A Journey Through Music by Dorothy Singh: June 2002, Llandybie
Nearly 600 short films made by people from across Wales as part of a BBC project have been saved for posterity.
The 588 films, known as digital stories, have been presented to the National Library of Wales' screen and sound archive in Aberystwyth.
They were made between 2001 and 2007 for a project called BBC Capture Wales.
The stories have been referred to as "scrapbooks" from the heart and were created using photo albums, computers, cameras and scanners.
They cover a range of subjects, including love, work, hopes, fears, the past and the future.
The people behind the BBC Capture Wales project described the digital stories as "sometimes poignant", humorous, "but nearly always with a stark personal honesty which sets them apart from much of today's media".
The Bards of Bonymaen by Kate Kelly: January 2003, Bonymaen
The films will be kept at the national library for posterity, as a "unique", first-person record of life at the beginning of the 21st Century.
Executive producer of Capture Wales, Mandy Rose said: "We're very proud of the Capture Wales digital storytelling project and it's fantastic to see these stories finding a home at the national screen and sound archive of Wales.
"It gives a legacy to the creativity and hard work of the storytellers, and of the BBC Capture Wales team.
"It's good to know that this collection of people's cherished stories will be kept safe, and be available to future generations as a unique record of our hopes and fears at the beginning of the 21st Century."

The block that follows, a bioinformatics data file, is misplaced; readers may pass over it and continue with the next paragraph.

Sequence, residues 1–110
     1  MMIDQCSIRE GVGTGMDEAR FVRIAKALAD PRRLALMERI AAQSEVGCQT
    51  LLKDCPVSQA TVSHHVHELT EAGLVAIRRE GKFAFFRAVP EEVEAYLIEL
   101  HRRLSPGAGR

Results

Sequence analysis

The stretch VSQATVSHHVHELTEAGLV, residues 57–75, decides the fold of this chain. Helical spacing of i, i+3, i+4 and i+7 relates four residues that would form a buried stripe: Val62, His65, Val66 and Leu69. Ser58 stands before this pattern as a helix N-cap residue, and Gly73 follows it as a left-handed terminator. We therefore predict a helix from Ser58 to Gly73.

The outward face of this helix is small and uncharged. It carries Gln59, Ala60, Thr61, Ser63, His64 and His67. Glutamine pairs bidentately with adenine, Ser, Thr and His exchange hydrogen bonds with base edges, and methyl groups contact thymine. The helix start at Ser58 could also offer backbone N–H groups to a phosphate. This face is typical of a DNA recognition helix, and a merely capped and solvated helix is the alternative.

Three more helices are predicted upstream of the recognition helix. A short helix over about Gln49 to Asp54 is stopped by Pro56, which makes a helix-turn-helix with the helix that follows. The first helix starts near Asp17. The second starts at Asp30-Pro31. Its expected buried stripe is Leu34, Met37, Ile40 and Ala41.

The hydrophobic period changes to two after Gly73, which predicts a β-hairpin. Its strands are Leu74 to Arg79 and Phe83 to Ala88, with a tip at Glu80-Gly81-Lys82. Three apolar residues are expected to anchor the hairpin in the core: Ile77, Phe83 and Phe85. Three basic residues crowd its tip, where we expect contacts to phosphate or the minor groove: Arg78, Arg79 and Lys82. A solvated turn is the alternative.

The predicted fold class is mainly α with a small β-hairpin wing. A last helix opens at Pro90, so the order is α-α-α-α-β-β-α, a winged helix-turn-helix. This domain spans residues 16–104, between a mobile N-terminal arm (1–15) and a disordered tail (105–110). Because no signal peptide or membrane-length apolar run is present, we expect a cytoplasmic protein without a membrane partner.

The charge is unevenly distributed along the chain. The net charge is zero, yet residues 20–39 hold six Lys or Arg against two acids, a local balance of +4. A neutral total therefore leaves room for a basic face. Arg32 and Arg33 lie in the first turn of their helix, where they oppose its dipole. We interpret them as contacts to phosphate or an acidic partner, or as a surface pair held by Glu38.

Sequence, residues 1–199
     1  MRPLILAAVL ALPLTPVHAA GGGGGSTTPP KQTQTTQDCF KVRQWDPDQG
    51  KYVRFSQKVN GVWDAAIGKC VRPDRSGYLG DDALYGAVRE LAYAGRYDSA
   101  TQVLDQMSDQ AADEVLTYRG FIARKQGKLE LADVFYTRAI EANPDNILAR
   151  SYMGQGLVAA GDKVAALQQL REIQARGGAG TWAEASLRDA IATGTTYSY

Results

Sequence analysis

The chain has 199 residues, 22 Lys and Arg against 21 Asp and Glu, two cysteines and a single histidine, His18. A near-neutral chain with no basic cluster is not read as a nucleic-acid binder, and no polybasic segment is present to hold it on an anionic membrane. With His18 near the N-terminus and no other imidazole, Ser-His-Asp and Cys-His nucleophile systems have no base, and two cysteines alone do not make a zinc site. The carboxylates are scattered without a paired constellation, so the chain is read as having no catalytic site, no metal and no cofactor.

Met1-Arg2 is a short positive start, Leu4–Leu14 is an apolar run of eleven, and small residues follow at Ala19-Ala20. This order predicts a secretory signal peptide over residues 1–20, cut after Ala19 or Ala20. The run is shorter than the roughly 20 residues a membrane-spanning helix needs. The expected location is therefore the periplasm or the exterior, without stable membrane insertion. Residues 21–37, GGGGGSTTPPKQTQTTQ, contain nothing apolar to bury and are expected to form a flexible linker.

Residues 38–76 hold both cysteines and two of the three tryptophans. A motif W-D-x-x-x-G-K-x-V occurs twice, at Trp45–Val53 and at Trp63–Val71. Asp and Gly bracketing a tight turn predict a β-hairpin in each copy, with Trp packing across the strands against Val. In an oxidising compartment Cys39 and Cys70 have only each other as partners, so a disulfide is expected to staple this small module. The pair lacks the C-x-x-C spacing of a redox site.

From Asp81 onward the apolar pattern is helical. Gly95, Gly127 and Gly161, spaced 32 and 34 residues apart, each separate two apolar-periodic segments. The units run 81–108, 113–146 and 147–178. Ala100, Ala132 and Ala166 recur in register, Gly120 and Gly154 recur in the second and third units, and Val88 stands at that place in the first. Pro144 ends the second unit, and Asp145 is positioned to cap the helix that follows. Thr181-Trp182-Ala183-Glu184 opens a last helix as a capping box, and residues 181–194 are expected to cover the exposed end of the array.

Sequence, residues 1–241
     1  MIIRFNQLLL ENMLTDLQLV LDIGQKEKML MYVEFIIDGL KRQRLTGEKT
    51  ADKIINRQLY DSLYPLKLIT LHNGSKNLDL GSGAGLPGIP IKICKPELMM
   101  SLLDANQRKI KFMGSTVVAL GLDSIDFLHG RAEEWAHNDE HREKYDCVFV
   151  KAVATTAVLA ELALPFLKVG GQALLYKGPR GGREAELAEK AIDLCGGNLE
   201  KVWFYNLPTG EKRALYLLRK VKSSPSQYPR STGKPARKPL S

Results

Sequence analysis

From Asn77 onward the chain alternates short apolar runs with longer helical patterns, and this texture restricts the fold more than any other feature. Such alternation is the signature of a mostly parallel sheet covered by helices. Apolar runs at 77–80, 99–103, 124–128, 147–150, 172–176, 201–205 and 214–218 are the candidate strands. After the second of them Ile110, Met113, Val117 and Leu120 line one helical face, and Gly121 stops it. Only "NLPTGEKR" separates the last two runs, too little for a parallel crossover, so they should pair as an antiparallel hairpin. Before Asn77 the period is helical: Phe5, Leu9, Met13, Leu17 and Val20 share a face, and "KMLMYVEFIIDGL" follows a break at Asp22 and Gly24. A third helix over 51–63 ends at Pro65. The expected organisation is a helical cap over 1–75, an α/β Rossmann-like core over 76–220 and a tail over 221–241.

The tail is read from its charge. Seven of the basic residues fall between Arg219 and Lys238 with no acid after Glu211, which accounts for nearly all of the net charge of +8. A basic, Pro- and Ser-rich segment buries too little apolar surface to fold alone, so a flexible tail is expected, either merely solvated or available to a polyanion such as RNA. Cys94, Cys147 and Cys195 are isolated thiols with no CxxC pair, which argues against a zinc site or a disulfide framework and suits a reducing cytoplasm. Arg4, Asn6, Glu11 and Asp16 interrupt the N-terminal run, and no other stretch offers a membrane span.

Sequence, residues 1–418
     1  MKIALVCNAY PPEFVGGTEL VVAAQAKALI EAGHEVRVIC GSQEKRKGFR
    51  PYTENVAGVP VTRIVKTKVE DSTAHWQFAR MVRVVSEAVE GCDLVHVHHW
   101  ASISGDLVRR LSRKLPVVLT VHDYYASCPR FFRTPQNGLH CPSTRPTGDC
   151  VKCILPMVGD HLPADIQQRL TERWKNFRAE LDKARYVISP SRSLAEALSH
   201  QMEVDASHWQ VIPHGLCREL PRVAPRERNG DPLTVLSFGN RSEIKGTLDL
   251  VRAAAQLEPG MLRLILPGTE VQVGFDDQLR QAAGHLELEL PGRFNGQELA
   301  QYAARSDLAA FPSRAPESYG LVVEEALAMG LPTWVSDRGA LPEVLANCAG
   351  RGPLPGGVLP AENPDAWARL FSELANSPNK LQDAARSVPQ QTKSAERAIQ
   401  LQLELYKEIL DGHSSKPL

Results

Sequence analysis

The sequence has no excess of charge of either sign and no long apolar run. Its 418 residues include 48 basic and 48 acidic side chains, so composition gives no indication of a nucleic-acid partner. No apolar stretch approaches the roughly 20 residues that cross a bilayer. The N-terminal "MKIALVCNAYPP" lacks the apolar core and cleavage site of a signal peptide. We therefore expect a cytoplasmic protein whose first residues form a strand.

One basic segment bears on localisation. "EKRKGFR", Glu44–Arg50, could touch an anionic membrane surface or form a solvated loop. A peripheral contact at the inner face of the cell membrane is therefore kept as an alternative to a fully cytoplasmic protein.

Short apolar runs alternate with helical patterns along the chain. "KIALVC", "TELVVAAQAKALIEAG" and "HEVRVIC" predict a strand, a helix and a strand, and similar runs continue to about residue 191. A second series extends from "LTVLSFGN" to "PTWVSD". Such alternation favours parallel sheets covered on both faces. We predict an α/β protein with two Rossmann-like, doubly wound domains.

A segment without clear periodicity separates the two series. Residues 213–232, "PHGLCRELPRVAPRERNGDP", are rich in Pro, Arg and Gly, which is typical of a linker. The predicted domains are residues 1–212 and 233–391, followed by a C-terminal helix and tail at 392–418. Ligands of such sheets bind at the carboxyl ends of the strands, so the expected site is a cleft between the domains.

Steve Bellis (r) hands over his film to Iestyn Hughes of the national library
The films were handed over to Andrew Green, librarian of the national library and Iestyn Hughes, head of the screen and sound archive, at a digital storytelling festival at Aberystwyth Arts Centre.
Ms Rose was joined by storytellers Alan Thomas, Dai Evans, Marsha O'Mahony, Rhian Cadwaladr and Steve Bellis.
Dai Evans of Brynaman, near Ammanford, is a photographer who made a short film about his manikins, which he used in his photos.
Alan Thomas, from Llanboidy in Carmarthenshire, has Ataxia, a degenerative disease which affects balance and co-ordination.
His digital story was about keeping active and not letting the disease ruin his life. It was broadcast on BBC Wales and BBC Radio Wales to mark International Ataxi Awareness Day.
Rhian Cadwaladr from Rhosgadfan, Caernarfon, is a part-time drama tutor, sometime actor and a full-time mother-of-four.
Her story is about hope and optimism, and she now helps others make digital stories.
Steve Bellis is a media lecturer at Yale College in Wrexham.
"The training workshops from the BBC cemented what I knew about digital storytelling," he said.
"As a result we've been putting together digital storytelling projects at the college, and working in the community."
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